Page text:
Today's News

  • COLUMN: Summer past and present


    My list of favorite summer flowers is long but near the top of the list is the belladonna lily. Also known as the belladonna amaryllis or “naked ladies,” the pink flowers were in their prime over the past two weeks. Alas, most have died back by now.

    If peonies are a sure sign of spring, then belladonna lilies are proof that late summer has come and it’s time for school to resume.

  • EDITORIAL: Constitutional amendment best way to clarify marriage issues

    In the 1960s and ’70s Sen. Birch Bayh of Indiana became the first person since the United States’ founding fathers to write two amendments to the Constitution.

    Bayh was the main author of the 25th Amendment, which created a process for an orderly transition of power in the case of death, disability or resignation of the president and a method of selecting a vice president when a vacancy occurs in that office.

    He also wrote the 26th Amendment, which lowered the voting age from 21 to 18.

  • Board approves off-duty officers’ security employment at Pour Haus

    TELL CITY – The Tell City Board of Public Works and Safety has given permission for off-duty police officers to provide security at a new downtown restaurant.

    Derek Cronin, co-owner of the Pour Haus, wants to employ officers as security when bands bring in large crowds to the Seventh Street business, Chief Greg Hendershot reported at a recent meeting.

  • Perry County child-care group seeks community input

    PERRY COUNTY – A newly organized group of county businesses and organizations is in the process of identifying the child care needs in Perry County and is seeking public input.

    Members of Perry Childcare Initiative Inc. began meeting in July of 2013 to discuss the perceived need for early child care services in the community. Many of the business partners involved in early discussions expressed concerns that the attraction of new employees is often hampered by challenges families face with finding child care, especially care during nontraditional work hours.

  • Golden Living Center honored at Schweizer Fest dinner

    (Click photo to enlarge.)

  • Four jailed on drug, common nuisance charges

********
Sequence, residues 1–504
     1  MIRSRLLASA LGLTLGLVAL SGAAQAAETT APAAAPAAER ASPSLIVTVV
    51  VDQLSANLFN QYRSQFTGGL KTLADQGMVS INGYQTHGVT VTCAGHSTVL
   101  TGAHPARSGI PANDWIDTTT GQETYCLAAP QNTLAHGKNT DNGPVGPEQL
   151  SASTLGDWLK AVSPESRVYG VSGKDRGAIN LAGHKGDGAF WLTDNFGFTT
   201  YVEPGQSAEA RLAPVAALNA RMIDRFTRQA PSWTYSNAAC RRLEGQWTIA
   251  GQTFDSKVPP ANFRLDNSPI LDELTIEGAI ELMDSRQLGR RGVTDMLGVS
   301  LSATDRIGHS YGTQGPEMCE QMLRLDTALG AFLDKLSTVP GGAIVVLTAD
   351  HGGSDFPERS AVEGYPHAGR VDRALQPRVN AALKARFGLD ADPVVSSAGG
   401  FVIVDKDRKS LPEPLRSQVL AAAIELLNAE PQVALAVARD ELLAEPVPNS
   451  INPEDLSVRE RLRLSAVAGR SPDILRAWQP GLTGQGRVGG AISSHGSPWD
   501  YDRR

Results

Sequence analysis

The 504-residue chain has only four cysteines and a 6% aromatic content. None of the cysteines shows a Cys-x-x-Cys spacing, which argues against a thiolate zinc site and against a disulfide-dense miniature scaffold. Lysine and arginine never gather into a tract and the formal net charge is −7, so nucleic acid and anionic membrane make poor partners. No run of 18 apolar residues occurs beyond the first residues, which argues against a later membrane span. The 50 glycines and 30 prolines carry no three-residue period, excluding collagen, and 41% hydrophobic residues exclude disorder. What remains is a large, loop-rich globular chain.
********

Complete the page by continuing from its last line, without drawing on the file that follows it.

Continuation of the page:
TELL CITY – Four people face criminal charges after an officer’s attempt to serve a warrant Aug. 8 allegedly turned up suspected drug use inside a Tell City home.

    According to police reports, Patrolman Bryce Hammack attempted to serve a warrant on Kenneth W. Garrett at his residence at 740 N. 14th St. While at the home, Hammack allegedly detected the odor of burnt marijuana and Garrett allegedly admitted to smoking pot before police arrived.

    Garrett, 58, was charged with maintaining a common nuisance and possession of drug paraphernalia.

  • Cannelton man accused of making methamphetamine

    CANNELTON – A Cannelton man was jailed Aug. 8 after county sheriff’s deputies and Indiana State Police troopers allegedly found him with a methamphetamine lab. According to Perry County Chief Deputy Daymion Marsh, an active “one-pot” lab was located in a wooded area off of Indiana 66 east of Cannelton.

  • ATTC grows again

    Managing Editor

    TELL CITY – ATTC Manufacturing representative Jeff Jones requested yet another in a growing number of tax abatements helping the company as it adds equipment to its assembly lines and people to its workforce.

    He told the county council at a regular meeting July 24 the latest addition will be a flexible machining system worth $750,000. It will require the addition of two jobs, increasing payroll by $50,000, Jones said.

  • Family putting pieces together after fire


    TELL CITY – A Saturday fire left a Tell City family working to pick up the pieces. The fire at Sam and Tara Throgmorton’s home at 1419 Fulton St. broke out Saturday afternoon and was likely caused by an extension cord running to a window air-conditioning unit, Tell City Fire Chief Greg Linne said.

    The family was not at home at the time and no one was injured. However, much of the home was heavily damaged.

  • Lawyer: TIF supports economic growth

    Managing Editor

    TELL CITY – “The businesses we attracted with TIF money have been going gangbusters,” county attorney Chris Goffinet said in giving an annual report to the county council July 24.

    TIF stands for tax-increment financing, a tool communities use to promote economic development. It allows the diversion of property-tax revenue to improve the area from which it’s collected.